Currently the Army, IAF and Navy hold 187 Chetak and 205 Cheetah helicopters which also service high-altitude areas like the Siachen Glacier region. These are ageing and have huge serviceability problems. The Armed Forces have been demanding new light helicopters as replacements for the past 15 years plus. Overall, the three Services together need 483 new light utility helicopters immediately and the number will keep going up with every helicopter phased out or lost. But lackadaisical attitude, vested interests and red-tape as under is hindering replacements:

● Technical evaluation for the Indo-Russia joint venture (JV) under an inter-governmental agreement signed in 2015 to manufacture 200 x twin-engine Kamov-226T helicopters (135 for Army, 65 for IAF) for over 20,000 crore is still not completed after five years and the final contract is far away. More delays mean increased operational voids.

● A proposal to produce 111 armed, twin-engine naval utility helicopters under ‘Strategic partnership’ at a cost of over 21,000 crore is hanging fire despite short listing four Indian firms (Tata, Adani, Mahindra Defence and Bharat Forge) and three foreign paartners (Airbus, Kamov and Lockheed Martin-Sikorsky) because HAL is now insisting it should also be considered. This again means long delays.

● The initial requirement of HAL’s indigenous light utility helicopters (LUH) was pegged at 111 for Army and 61 for IAF. The basic IAF variant received initial operational clearance (IOC) in February 2020 and HAL now says the Army variant is ready. But meeting overall Army and IAF requirement will likely take many years.

HAL has just rolled out the 300th Advanced Light Helicopter (ALH-Dhruv) and conducted ‘ground run’ of the first Limited Series Production (LSP) of Light Combat Helicopter-Limited Series Production (LCH-LSP). However, it appears that while HAL wants to bag every contract, its production capacity remains limited.

It will be prudent for us to acknowledge that the strain on helicopters will be very high not only due to the India-China standoff this winter but in the years to come. The possibility of limited war with China is live and there may be attrition to our helicopter holdings. China’s latest claim of not recognising Ladakh as part of India indicates China will remain hostile to India in the foreseeable future.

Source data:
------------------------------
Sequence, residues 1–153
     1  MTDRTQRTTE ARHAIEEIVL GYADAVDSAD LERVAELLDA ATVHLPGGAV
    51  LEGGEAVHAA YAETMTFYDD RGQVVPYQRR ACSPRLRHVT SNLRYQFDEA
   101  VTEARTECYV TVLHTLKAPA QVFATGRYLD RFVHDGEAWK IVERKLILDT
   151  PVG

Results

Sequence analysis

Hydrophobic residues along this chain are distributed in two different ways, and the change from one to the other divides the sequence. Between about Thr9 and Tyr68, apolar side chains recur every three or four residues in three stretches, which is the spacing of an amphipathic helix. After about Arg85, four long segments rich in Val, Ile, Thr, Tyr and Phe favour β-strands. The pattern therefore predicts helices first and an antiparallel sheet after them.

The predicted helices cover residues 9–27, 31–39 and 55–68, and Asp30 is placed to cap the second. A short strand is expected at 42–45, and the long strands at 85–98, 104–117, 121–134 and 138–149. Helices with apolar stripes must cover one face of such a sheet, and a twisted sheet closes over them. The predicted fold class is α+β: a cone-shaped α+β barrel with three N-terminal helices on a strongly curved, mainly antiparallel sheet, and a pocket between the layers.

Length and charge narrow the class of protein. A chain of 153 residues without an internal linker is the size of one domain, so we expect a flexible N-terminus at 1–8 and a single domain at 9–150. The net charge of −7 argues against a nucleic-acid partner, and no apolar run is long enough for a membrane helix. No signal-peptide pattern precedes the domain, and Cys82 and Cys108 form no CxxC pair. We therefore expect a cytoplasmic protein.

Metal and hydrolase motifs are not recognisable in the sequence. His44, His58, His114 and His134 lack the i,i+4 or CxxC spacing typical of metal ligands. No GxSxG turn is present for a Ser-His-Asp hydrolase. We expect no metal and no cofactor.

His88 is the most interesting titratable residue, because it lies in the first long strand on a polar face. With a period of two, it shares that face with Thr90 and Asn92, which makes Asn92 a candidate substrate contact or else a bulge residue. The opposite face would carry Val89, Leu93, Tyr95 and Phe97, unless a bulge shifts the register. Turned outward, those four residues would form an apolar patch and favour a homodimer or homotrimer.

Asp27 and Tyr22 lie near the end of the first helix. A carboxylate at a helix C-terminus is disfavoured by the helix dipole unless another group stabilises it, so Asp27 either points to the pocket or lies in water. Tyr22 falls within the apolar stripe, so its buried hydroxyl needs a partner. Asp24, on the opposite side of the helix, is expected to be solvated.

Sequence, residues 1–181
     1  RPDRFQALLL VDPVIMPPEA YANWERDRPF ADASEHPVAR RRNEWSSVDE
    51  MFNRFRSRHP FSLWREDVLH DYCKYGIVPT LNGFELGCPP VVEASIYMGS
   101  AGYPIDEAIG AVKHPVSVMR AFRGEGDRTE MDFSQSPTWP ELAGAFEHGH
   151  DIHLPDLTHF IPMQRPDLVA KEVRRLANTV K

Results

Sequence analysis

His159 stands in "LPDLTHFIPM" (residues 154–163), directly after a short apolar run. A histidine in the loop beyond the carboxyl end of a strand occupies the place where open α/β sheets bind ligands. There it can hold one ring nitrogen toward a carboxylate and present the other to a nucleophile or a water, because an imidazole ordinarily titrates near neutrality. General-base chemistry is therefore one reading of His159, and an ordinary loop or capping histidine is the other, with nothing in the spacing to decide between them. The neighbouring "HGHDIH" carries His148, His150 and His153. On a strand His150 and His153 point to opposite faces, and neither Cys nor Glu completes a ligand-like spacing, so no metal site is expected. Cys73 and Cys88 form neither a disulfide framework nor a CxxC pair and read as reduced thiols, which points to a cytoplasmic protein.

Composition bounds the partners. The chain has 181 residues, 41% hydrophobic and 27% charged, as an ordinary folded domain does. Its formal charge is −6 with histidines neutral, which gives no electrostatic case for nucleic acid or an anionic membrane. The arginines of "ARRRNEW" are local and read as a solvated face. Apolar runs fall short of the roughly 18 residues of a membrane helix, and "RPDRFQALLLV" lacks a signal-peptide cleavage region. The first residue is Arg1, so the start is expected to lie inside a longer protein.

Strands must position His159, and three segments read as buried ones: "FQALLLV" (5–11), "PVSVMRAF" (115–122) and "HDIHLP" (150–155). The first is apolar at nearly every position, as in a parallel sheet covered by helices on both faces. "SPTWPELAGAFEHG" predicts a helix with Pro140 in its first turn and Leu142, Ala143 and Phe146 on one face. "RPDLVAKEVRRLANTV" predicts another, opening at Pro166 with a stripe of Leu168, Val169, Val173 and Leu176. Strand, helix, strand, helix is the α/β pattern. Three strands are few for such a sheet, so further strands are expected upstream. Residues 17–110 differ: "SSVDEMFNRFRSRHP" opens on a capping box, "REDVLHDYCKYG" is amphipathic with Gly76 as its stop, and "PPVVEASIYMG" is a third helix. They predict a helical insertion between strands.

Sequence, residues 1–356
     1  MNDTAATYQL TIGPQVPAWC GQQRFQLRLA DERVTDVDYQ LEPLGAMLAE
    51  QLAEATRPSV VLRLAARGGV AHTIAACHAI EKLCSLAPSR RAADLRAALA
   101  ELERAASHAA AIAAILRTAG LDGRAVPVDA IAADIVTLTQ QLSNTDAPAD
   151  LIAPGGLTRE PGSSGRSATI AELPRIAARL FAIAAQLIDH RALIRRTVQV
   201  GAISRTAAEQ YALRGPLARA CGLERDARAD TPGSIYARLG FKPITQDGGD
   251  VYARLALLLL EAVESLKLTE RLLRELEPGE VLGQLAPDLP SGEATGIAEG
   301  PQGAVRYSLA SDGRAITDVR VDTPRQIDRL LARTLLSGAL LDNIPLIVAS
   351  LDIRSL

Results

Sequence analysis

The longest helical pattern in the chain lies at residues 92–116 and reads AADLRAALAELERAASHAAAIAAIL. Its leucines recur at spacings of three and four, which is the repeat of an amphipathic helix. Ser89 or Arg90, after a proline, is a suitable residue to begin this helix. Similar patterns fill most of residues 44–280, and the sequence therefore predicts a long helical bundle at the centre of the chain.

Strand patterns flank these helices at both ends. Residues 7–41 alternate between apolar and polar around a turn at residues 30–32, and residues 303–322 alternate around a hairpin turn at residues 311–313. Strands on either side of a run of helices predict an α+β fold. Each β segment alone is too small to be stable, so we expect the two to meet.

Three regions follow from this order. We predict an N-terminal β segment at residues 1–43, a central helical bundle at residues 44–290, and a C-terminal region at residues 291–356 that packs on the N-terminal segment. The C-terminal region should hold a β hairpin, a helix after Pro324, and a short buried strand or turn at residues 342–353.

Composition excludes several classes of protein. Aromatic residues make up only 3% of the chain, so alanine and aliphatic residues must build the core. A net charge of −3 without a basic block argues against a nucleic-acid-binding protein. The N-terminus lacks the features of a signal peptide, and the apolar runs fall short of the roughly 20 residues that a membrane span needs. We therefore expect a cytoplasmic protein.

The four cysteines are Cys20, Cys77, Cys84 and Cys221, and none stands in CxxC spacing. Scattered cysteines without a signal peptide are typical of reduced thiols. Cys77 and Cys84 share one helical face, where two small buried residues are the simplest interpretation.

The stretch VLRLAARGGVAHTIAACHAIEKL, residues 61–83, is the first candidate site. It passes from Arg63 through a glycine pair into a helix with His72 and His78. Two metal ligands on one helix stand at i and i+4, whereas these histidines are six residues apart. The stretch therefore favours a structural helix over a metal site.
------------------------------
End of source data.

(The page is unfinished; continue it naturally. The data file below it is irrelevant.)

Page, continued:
Considering the above, our policy makers need to ensure the following:

One, number of medium lift helicopter required by the military should not be allowed to dwindle – provide replacement through ‘Make in India’ with strategic partnership with HAL or part requirement met through Buy (Global – Manufacture in India) under Defence Acquisition Procedure 2020 if numbers become critical; two, kick-start the Kamov project lying in limbo on war footing; three, let the project for 111 armed, twin-engine naval utility helicopters under strategic partnership for which Indian firms are shortlisted proceed ‘without HAL’ – involve HAL for producing medium-lift helicopters under strategic partnership, and; four, increase HAL capacity for ALH-Dhruv and LUH production.

Written by Lt. Gen. Prakash Katoch for SP Guide Publications (Article Link:


  • Shantanu K. Bansal

    Founder of IADN. He has more than 10 years of experience in research and analysis. An award winning researcher, he writes for the leading defence and security journals, think-tanks and in-service publications. He is a senior consultant at the Indian Army Training Command (ARTRAC), Shimla. Contact him at: